Organic Florist from Marin goes International
by PJ Bremier
Marin Independent Journal
Just a few weeks ago, mayors from across the world gathered in San Francisco to participate in the World Environment Day, a conference sponsored by the United Nations, to develop and sign accords on urban environmental policies such as water, energy, waste, transportation, urban design, open space, recycling, health and other environmental issues common to urban areas.
Their ambitious goal is significant because, as Gavin Newsom, mayor of San Francisco and host of the United Nations Conference said, "Urban populations consume 75 percent of the world's natural resources and produce 75 percent of its waste."
Nearly 200 events such as a Green Cities Expo, featuring more than 100 green businesses, an organic fashion show, environmental film festival and art exhibition, and organic entrees at 100 restaurants were divided into five theme days, including one called Flower Power.
And that's where Marin's organic flower power guru, Gerald Prolman, comes in. His company, Organic Bouquet, was named official florist of World Environment Day.
He started Organic Bouquet, the world's first online organic bouquet, four years ago, pioneering the flower production that would benefit people - not just for those who enjoy having flowers in their homes but for the earth and the health of those who grow them.
Today, he works with growers in California, Hawaii, Holland, Columbia, and Ecuador to produce flowers that adhere to strict organic guidelines.
Organic Bouquet provides all the floral arrangements for the weeklong conference and produced the closing ceremony on Flower Power Day.
The company also sponsored and produced the official theme song, "United Nations, Together We Can." It was written by gospel legend Edwin Hawkins, a four-time Grammy winner who wrote "Oh, Happy Day." It was sung by a 500-member choir whose voices included gospel artists Edwin, Walter and Tremaine Hawkins, The Three Bridges, Nona Brown, and Prolman's wife and jazz vocalist, Raquel Bitton. They performed for all the mayors who walked the "green carpet" in front of San Francisco City Hall. The song was then presented to Mayor Newsome and Klaus Toepfer, the executive director of UNEP.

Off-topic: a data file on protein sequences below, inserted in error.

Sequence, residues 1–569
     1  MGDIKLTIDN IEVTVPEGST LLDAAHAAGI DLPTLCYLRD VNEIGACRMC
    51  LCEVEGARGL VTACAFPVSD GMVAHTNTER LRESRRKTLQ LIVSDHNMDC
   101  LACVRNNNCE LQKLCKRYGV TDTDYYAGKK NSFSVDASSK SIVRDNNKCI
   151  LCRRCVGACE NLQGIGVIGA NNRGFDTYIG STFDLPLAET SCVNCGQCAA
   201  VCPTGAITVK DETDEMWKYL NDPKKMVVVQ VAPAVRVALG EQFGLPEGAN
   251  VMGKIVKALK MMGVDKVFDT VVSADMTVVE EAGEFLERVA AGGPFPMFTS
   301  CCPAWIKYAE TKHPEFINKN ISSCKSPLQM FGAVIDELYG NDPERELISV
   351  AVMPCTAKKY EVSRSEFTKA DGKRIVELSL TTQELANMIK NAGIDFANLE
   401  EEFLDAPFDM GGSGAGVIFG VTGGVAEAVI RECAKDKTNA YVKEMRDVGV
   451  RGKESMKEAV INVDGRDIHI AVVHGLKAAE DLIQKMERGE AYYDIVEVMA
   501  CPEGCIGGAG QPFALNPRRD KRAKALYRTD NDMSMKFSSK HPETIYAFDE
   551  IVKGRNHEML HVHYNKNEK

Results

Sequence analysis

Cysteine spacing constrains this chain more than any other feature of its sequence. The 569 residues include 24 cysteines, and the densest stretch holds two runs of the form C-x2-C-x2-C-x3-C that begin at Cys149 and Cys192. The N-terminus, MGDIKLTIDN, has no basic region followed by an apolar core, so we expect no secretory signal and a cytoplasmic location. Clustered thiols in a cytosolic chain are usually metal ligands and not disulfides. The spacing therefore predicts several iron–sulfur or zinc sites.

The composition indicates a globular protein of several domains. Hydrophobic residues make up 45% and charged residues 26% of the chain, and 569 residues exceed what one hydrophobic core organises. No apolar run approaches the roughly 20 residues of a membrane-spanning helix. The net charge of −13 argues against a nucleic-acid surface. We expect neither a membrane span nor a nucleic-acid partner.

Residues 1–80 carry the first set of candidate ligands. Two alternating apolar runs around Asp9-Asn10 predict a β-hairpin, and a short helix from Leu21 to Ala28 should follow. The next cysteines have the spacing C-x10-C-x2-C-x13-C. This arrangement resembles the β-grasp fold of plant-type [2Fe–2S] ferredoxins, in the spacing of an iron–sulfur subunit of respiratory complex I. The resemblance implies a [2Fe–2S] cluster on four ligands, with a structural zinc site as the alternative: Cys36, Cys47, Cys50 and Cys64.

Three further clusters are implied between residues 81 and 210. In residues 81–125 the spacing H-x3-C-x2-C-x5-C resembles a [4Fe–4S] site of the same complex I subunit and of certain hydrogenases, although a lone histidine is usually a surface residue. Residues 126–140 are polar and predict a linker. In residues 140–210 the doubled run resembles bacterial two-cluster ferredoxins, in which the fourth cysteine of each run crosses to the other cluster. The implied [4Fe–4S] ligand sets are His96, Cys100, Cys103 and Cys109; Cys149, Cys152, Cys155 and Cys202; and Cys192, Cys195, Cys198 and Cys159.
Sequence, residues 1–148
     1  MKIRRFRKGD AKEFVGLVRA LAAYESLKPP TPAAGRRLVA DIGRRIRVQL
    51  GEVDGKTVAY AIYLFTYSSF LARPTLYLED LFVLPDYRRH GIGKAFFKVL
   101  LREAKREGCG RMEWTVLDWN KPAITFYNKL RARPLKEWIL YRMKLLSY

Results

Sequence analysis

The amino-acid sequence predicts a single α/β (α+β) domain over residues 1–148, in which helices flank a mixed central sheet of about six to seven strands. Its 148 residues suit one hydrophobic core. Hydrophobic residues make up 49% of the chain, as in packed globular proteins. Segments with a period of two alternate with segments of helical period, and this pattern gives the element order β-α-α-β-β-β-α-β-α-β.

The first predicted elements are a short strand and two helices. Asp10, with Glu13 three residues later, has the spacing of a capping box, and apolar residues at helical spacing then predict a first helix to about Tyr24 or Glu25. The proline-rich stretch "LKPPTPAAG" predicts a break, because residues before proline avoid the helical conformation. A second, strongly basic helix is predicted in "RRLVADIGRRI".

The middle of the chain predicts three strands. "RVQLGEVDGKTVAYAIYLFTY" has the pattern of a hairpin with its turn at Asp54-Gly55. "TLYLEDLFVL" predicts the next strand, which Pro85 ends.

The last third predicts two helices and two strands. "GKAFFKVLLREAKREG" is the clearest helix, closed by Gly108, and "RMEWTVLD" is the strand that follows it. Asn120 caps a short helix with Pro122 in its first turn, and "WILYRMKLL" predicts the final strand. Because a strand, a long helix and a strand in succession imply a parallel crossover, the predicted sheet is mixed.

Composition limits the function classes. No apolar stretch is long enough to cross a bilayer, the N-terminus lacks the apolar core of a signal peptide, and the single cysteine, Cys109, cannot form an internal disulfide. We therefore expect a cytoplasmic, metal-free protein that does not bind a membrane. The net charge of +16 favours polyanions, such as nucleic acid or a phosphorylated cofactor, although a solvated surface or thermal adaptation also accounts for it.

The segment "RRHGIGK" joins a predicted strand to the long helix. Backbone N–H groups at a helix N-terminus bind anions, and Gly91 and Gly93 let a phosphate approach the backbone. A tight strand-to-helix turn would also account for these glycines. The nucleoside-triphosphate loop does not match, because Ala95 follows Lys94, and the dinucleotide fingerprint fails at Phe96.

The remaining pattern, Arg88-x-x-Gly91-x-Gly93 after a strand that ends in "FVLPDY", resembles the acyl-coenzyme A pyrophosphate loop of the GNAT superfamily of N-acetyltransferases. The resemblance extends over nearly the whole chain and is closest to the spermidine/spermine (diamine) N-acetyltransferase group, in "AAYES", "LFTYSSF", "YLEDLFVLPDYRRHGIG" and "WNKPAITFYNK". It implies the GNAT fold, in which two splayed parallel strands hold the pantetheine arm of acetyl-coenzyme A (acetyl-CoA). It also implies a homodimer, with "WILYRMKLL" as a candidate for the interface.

"It was a spectacular event," Prolman says. "The mayors, dignitaries and guests were enthusiastically clapping and singing along with great joy."
Prolman and Hawkins have been invited to attend next year's conference in Nairobi, Kenya, where Hawkins will perform with the United Nations Choir.
Organic Bouquet also organized a symposium at the San Francisco Ferry Building called "Eco-Flower Power: Sustainability Trends for the Floral Industry," where journalists, environmental and floral industry experts and international dignitaries.
"Our goal now is to support the development and market introduction of a standard that protects farm workers, the environment and leads growers to becoming fully organic," Prolman says.
It's his passion that sustainable practices in the floral industry soon become the standard, that the use of harsh chemicals is eliminated and that the well-being of farm-workers is the first priority.
It's a daisy chain, though, and people who buy flowers are part of the link. It's Prolman's hope that "the growers who take these will be rewarded by a market that supports them." Then we'll see real flower power.
For more information, visit www.OrganicBouquet.com.